The decline of elective operating at major trauma centres

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Major trauma is a leading cause of death in those aged under 40 years. In order to improve the care for multiply injured patients, the major trauma network was activated in April 2012 in England. Its goal was to link all district hospitals to major trauma centres (MTCs) and allow for rapid transfer of patients. Anecdotally, this has affected elective orthopaedic operating at MTCs. The aim of this study was to compare the number of lower limb arthroplasty procedures performed before and after the establishment of the trauma network.


Data on hip and knee arthroplasties in England during the two years prior to and the two years following the introduction of the trauma network were obtained from the National Joint Registry. These were broken down by type of unit (MTCs vs non-MTCs). Differences between the number of hip and knee arthroplasties undertaken in the two time periods were analysed. The chi-squared test was used to assess statistical significance.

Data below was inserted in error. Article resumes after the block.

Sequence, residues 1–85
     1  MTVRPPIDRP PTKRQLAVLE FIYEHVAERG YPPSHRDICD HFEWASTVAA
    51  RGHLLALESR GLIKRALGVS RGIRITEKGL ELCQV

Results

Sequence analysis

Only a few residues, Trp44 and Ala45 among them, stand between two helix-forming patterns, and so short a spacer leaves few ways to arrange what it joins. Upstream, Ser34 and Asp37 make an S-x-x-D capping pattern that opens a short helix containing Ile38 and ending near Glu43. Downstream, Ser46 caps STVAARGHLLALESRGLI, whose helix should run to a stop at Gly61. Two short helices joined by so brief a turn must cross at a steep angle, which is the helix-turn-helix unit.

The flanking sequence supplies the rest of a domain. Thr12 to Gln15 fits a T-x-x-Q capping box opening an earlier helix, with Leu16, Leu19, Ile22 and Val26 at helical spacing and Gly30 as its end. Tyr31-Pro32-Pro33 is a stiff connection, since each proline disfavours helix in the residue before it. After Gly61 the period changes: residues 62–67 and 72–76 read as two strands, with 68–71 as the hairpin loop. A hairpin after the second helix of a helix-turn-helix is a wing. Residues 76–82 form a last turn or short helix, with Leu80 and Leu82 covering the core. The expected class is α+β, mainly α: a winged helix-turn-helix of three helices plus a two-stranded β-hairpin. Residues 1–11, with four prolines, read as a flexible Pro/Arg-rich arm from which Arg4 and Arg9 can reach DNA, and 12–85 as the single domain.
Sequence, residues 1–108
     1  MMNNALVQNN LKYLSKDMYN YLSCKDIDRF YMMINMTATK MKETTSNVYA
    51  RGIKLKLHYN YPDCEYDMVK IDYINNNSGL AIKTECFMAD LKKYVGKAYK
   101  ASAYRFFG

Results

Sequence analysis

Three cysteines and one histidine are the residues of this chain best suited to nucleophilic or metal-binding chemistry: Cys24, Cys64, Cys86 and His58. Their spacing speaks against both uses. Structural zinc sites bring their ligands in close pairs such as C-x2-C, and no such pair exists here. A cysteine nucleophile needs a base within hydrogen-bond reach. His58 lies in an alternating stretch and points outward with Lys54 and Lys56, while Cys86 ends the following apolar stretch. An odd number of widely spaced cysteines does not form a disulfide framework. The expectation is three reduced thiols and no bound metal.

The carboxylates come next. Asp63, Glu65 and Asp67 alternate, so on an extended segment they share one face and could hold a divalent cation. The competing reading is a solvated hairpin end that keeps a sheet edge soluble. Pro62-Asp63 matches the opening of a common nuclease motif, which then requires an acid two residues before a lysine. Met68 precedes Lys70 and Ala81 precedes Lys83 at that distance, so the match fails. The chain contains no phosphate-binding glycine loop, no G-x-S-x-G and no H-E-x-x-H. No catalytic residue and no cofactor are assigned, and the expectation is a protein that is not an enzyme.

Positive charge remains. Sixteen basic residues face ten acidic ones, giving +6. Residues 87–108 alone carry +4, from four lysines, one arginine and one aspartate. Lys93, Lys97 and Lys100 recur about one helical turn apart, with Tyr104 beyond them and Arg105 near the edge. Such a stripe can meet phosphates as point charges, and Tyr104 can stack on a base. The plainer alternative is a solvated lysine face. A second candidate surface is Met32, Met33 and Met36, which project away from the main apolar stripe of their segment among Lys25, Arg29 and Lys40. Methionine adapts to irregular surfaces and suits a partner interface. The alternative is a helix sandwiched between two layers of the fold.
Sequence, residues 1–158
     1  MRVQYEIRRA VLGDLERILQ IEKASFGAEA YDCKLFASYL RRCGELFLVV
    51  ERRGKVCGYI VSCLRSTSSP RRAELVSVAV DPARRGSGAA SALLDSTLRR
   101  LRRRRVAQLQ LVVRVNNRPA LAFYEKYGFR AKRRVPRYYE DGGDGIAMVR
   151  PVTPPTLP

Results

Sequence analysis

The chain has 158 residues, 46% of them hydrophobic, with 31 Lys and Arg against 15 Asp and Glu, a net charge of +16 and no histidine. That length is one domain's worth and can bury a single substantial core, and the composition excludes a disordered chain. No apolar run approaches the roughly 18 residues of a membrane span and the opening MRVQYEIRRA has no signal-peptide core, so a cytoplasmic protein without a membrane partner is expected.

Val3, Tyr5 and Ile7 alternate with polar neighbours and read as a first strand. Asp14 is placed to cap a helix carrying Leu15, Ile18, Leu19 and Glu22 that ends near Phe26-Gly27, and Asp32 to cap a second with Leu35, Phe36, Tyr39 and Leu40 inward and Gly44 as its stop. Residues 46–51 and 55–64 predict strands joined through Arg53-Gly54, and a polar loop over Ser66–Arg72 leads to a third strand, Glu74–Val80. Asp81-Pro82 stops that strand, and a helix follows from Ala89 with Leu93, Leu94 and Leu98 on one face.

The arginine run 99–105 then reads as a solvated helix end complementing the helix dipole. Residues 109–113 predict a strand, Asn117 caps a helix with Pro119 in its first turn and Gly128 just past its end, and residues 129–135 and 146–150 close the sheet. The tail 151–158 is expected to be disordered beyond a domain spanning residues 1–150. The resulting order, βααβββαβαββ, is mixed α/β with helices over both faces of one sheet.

The total number of lower limb arthroplasties increased after the activation of the trauma network by 5.5% (from 211,453 to 223,119). When stratifying the data by type of unit, this increasing trend was present for non-MTCs; however, in MTCs, a reduction occurred: the number reduced by 13.6% (from 13,492 to 11,657). This reversal of trend was seen in both hip and knee procedures independently (both p<0.01).


The introduction of the trauma network has led to a reduction in the total number of lower limb arthroplasty procedures performed in MTCs. Various reasons have been postulated for this but its impact on surgical training and hospital finances must be scrutinised in future research.

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